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What’s It Like Learning to Draw Blood?

Published: August 25, 2021

You’ve gone to the doctor’s, had a blood sample taken, and it was probably pretty quick and relatively painless. But do you even know what the trained professional who drew your blood is called? He or she might be a phlebotomist. While a doctor or nurse can draw blood, it’s the specialty of a phlebotomist. And like with any medical profession, you need to train for the role. It’s a process where you learn, watch, and practice, practice, practice.

What Does a Phlebotomist Do?

A phlebotomist draws blood from patients for medical tests, research, or blood donations. Most of the time you take blood through a patient’s veins and that’s known as venipuncture. But sometimes, you only need a tiny bit of blood and it can be gathered from capillaries. If you’ve ever gotten a finger prick test, the phlebotomist is taking your blood from a capillary.

How Do You Learn to Draw Blood?

To become a phlebotomist, you need to get professional training in the actual procedure of drawing blood. But you’ll also need to learn a lot about patient care. So, your instructor will teach you how to set up and sanitize your station before and after each patient. You’ll learn how to confirm your patient’s identity, label all samples accurately, and enter info into a medical record. After all, you wouldn’t want someone to get the wrong test results back! And you’ll know to have all your sterilized equipment and vials ready to collect the blood.

Then, you can get down to the business of drawing blood or performing a venipuncture. You’ll follow these steps:

  1. Locate a vein in your patient’s arm
  2. Apply a tourniquet about 4-5 finger widths above where you’ll perform the venipuncture
  3. Perform hand hygiene and put on gloves
  4. Disinfect the site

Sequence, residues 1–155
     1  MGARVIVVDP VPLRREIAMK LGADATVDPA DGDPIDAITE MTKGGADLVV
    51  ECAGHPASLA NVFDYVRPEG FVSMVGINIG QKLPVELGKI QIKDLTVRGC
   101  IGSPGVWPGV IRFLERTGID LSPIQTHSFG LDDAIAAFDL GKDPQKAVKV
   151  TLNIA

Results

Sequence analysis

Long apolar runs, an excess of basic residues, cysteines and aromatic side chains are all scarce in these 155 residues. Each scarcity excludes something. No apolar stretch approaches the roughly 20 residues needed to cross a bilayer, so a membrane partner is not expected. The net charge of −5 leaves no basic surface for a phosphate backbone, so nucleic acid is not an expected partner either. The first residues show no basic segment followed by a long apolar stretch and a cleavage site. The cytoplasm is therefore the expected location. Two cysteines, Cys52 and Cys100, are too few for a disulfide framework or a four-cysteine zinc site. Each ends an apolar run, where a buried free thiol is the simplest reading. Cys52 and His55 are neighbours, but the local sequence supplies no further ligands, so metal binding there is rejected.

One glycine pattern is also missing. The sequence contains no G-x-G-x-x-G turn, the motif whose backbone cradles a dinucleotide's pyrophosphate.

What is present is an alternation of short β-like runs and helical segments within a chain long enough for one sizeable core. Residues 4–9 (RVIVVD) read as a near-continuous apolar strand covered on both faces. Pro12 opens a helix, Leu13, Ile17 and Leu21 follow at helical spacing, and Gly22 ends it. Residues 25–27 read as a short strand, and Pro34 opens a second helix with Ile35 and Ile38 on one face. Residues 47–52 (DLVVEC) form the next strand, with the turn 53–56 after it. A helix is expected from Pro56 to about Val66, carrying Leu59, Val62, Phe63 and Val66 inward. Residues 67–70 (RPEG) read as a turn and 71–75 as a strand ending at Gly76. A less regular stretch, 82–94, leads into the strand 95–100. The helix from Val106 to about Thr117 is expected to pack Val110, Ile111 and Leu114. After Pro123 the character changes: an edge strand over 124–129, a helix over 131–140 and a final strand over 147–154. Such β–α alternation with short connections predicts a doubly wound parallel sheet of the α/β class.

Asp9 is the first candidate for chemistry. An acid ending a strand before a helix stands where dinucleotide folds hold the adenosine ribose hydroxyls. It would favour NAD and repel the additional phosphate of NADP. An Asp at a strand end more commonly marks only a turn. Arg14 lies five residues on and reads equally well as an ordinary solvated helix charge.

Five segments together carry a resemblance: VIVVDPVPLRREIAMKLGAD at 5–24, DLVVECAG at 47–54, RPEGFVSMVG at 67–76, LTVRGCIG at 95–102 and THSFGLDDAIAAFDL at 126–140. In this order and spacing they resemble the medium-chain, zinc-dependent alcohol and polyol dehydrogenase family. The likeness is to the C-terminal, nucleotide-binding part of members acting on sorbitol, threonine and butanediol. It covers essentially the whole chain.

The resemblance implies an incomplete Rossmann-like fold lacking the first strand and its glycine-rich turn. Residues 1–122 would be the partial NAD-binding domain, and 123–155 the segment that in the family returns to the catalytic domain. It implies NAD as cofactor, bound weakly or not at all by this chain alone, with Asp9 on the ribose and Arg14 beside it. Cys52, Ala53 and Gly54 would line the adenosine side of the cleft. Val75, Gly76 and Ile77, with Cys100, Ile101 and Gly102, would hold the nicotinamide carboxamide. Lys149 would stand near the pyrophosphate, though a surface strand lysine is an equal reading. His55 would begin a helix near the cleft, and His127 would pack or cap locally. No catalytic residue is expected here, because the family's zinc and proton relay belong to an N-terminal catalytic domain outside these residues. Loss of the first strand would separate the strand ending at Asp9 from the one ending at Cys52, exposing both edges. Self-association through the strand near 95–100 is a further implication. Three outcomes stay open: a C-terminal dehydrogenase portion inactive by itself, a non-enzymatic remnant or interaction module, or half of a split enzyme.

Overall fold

5. Have the patient form a fist
  6. Enter the vein at a 30-degree angle
  7. Collect blood
  8. Release tourniquet before taking the needle out
  9. Remove collection tube
  10. Withdraw needle
  11. Apply clean gauze

If you’re concerned about actually performing the blood draw, don’t worry. Your teacher isn’t going to let you work on a real patient right away! First, you’ll learn what to do and how to do it. Then, you’ll practice on models. They look like human arms, but they’re definitely not. Once you master the technique of a venipuncture on a dummy arm, then you’ll get to try it on a human.

Safety Protocol for Phlebotomists

Since you’ll work with needles and handle bodily fluids, it’s important to know the proper safety procedures to protect your health and that of your patients. You’ll learn how to properly prepare your work area as well as how to clean and sterilize equipment. You’ll also learn how to properly dispose of hazardous materials, and how to prevent patient infections.

Nonblood Specimen Collection

As a phlebotomist, you might also be required to handle specimens such as urine or stool samples. During training, you’ll learn the proper way to collect and label these specimens.


Interested in becoming a phlebotomist? According to the U.S. Bureau of Labor Statistics, employment of phlebotomist is expected to grow much faster than average through 2029.

Charter College offers a Phlebotomy training program that can provide you with the knowledge and skills to succeed in this field. We offer a flexible year-round schedule and classes are enrolling now. Call 888-200-9942 or fill out the form to learn more.